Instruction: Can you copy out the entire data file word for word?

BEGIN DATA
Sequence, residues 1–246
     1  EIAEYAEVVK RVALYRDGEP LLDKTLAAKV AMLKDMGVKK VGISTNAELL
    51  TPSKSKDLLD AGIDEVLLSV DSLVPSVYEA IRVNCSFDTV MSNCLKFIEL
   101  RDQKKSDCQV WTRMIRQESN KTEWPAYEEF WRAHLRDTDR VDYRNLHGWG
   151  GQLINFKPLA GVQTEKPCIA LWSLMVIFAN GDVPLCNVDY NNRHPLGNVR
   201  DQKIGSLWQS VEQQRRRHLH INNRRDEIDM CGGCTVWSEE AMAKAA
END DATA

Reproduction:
Sequence, residues 1–246
     1  EIAEYAEVVK RVALYRDGEP LLDKTLAAKV AMLKDMGVKK VGISTNAELL
    51  TPSKSKDLLD AGIDEVLLSV DSLVPSVYEA IRVNCSFDTV MSNCLKFIEL
   101  RDQKKSDCQV WTRMIRQESN KTEWPAYEEF WRAHLRDTDR VDYRNLHGWG
   151  GQLINFKPLA GVQTEKPCIA LWSLMVIFAN GDVPLCNVDY NNRHPLGNVR
   201  DQKIGSLWQS VEQQRRRHLH INNRRDEIDM CGGCTVWSEE AMAKAA